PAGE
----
The 2022 issue of the Hungarian Studies Review, published in print and electronically by Pennsylvania State University Press, includes the obituary I wrote in memory of the late Dr. Éva S. Balogh (1936-2021), a retired Yale University professor and the founding editor of Hungarian Spectrum. Source: Christopher Adam, Obituary, Hungarian Studies Review, Vol. 49, No. 1, 2022, pgs. 146-47
My main journalistic endeavours include the editing and publication of two online journals, both pertaining to Hungary, the Hungarian diaspora and Central Europe. I established the Hungarian Free Press in 2014 and since then more than 1,000 original articles and essays have been published from a handful of volunteer contributors, including myself. Many years earlier, in February 2004, I founded a Hungarian-language publication called the Kanadai Magyar Hírlap (Canadian Hungarian Journal) and well over 5,000 original articles have appeared in this online newspaper. Over a dozen volunteer contributors and an actively-engaged readership have made the Kanadai Magyar Hírlap particularly vibrant. I received Hungary’s Free Press Award (Szabad Sajtó díj) for my work on this project in 2015.
My most recent journalistic project is an online magazine entitled Ottawa Reflections. We are focused on providing original reporting on the work of local artists, writers, community leaders and thinkers, as well as insightful reflections on society and culture in the National Capital Region and eastern Ontario. The publication’s main goal is to profile in thoughtful ways talented, emerging artists and local leaders.
In 2010-2011, I launched an ultimately successful international campaign to save Hungary’s Cold War state security archives. A proposed government decree planned to eliminate this rich collection of documents, which I too had used when conducting research for my doctoral dissertation. As such, I felt compelled to launch a public campaign to convince the government to reconsider. Within a few weeks of launching this initiative, historian János Kenedi, the former chair of a government-appointed committee in charge of declassifying state security archives, asked to join my campaign and for nine months, we actively made our case in the international media. As part of this campaign, we published a booklet entitled A Witness to the Past — Salvaging Hungary’s archival heritage. Other aspects of the campaign are preserved on this site. The government ultimately rescinded its proposed decree and state security archival documents remain accessible to researchers today.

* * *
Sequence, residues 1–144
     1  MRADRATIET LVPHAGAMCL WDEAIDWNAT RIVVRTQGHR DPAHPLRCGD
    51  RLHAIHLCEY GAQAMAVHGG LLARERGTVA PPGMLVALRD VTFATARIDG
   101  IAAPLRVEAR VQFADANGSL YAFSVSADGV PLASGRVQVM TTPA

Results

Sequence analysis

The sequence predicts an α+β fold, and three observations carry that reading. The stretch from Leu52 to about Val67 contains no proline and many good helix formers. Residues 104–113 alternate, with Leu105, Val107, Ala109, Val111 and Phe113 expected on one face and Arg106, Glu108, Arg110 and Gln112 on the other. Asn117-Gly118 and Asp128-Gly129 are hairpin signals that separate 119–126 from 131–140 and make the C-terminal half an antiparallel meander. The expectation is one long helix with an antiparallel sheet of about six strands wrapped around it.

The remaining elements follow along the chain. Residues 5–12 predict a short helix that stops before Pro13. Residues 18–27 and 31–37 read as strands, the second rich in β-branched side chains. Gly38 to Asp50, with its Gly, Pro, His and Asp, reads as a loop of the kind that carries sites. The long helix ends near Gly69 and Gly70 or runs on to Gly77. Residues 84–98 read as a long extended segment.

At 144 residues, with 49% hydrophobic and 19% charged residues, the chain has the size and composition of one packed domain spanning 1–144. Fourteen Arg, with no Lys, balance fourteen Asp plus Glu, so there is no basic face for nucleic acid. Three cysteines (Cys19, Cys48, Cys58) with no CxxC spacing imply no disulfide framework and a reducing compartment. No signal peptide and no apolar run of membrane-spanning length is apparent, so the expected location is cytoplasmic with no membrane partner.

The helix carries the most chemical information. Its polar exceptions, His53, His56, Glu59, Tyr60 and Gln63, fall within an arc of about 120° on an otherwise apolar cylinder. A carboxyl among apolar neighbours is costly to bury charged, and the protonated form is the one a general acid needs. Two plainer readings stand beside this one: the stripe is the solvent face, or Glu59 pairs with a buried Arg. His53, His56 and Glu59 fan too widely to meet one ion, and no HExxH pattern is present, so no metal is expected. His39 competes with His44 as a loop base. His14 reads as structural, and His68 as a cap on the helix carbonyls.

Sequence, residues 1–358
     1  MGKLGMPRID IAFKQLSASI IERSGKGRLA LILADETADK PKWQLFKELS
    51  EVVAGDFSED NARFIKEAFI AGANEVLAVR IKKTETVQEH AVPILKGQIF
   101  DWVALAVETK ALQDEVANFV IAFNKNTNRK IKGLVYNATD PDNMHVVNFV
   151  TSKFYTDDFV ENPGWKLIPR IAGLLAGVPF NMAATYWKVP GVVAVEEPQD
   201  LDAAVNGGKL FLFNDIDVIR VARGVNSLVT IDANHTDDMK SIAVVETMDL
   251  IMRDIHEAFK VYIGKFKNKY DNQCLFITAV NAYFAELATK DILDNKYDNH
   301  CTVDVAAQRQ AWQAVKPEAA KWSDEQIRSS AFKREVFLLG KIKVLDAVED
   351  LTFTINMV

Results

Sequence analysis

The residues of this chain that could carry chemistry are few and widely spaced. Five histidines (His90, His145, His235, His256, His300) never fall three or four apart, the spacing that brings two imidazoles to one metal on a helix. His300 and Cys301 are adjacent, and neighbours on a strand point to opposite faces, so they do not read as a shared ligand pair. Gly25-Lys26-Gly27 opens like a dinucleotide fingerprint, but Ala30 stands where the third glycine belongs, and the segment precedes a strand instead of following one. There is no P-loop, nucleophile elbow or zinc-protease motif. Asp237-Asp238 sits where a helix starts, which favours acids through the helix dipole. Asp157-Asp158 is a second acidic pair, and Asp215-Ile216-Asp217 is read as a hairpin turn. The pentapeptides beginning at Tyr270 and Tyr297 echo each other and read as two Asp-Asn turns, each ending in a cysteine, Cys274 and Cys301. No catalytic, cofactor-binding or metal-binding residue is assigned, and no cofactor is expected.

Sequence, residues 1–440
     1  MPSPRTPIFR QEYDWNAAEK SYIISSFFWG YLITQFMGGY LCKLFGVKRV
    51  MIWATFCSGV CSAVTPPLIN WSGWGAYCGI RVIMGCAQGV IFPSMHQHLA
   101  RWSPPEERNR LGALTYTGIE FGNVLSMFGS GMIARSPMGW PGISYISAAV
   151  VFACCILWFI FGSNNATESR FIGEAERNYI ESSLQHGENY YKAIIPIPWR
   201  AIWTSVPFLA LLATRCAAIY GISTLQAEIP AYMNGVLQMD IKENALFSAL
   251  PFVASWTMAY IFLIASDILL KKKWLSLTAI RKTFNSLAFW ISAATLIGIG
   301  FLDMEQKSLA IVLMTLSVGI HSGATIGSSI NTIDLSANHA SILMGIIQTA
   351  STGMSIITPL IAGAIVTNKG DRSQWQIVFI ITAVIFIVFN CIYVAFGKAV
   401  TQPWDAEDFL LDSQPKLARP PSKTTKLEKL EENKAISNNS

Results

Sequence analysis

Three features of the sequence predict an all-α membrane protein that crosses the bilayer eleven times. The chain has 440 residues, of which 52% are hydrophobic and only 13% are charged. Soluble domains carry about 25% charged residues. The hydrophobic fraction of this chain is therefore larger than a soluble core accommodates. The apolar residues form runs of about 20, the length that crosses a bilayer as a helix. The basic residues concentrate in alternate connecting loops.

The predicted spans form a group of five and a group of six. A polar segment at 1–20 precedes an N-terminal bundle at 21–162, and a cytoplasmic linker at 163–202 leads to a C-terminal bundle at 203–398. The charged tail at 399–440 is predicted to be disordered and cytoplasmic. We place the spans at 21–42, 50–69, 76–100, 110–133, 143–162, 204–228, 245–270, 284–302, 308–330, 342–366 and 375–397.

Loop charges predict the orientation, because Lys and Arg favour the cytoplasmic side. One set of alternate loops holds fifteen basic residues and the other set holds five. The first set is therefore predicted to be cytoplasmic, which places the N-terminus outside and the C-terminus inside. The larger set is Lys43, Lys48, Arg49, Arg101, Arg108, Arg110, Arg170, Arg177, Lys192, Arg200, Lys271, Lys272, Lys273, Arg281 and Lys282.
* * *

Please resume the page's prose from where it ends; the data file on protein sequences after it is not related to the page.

Over the years, I have written dozens of articles in Hungarian for publications other than my own. (I have written hundreds of articles and essay for the two publications listed above that I continue to edit.) Several years ago, I often wrote for a Hungarian journal entitled Galamus, which offered reflective, long-form pieces on politics, history and culture. One of my essays focused on the history and impact of the Canadian residential school system. I teamed up with Hungarian Reformed Minister Balázs Szücs to author this piece, which is available in the archives of the Galamus news site here.
In 2015, I took a stab at producing my first short film, based on an earlier version of the story “David and Franco,” which now appears in my book I Have Demons. Working with professional actors to bring this script to life, based on a fairly rough draft of what would become a much more developed published story, proved an eye-opening experience for me. I am grateful to Daniel Pauley, who played David, and to Joel Jakob, who brought Franco to life, for their work on this project. As always, please read the book first (especially as the story appearing there is far more developed than in the original short film). Once you have read the story appearing in the I Have Demons collection, you might be interested in watching the short film below, based on the earlier script.